To Richard Leacock, a good film involved you and gave you the “feeling of being there.” Achieving that goal required defying the conventions of filmmaking of his time: spontaneous rather than scripted; minimal equipment on-site instead of studio sets and large crews; and, most important, the courage to engage with one’s subjects, to never rehearse, and to accept the inevitable missed shot. His films were strikingly different and caught the attention of MIT’s Provost Jerome Wiesner. In the fall of 1969, Wiesner invited Leacock to join the faculty. Even before Leacock officially took the job, Wiesner had a special request: Would Leacock film the antiwar protest actions that were consuming the MIT campus? The rough-cut film November Actions is deeply moving and perhaps the best film about MIT ever made. Leacock’s longtime MIT colleague Glorianna Davenport is leading the effort to restore this film. The excerpts featured in the exhibition showed four key sequences from the original hour-long production.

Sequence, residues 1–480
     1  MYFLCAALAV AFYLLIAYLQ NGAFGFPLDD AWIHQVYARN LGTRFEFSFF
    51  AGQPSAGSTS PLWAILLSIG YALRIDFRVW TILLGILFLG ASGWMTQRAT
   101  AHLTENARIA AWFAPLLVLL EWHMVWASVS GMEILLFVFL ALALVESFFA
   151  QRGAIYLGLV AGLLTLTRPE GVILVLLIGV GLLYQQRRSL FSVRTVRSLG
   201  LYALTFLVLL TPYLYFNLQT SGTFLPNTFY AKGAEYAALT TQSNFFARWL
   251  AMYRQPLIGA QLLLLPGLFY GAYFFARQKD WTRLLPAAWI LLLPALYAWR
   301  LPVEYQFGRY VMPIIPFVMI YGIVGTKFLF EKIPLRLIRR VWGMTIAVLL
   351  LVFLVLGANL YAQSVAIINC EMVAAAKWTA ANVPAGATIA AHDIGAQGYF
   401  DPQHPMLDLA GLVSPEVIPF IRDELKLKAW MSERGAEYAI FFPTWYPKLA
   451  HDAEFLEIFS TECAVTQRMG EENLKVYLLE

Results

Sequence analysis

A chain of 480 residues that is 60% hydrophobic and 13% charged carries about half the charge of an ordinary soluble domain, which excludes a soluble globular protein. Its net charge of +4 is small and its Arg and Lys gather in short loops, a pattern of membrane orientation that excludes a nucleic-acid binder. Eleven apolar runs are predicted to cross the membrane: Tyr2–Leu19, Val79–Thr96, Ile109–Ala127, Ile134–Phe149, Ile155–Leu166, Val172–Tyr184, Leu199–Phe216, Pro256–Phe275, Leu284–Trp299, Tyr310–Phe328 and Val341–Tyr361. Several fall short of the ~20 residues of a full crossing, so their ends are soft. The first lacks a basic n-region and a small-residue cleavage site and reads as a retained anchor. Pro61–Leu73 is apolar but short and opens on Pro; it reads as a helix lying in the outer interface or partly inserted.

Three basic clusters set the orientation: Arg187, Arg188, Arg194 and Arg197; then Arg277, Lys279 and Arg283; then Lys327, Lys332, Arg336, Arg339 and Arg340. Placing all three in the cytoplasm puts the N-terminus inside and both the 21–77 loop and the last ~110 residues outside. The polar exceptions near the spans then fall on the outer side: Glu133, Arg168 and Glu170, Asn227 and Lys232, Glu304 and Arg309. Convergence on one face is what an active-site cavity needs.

November Actions, Film
Film by Richard Leacock; sound by Robert Leacock.
Restoration directed by Glorianna Davenport with assistance by Brian Bradley.
Transfer by Finish Post
photo: courtesy G. Andrew Boyd